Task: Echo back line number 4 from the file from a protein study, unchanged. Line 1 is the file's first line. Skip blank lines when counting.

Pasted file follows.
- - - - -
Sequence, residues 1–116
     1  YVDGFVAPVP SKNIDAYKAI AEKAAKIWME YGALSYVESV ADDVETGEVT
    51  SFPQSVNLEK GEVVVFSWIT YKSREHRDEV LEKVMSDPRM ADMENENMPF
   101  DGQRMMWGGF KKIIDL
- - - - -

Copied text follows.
   101  DGQRMMWGGF KKIIDL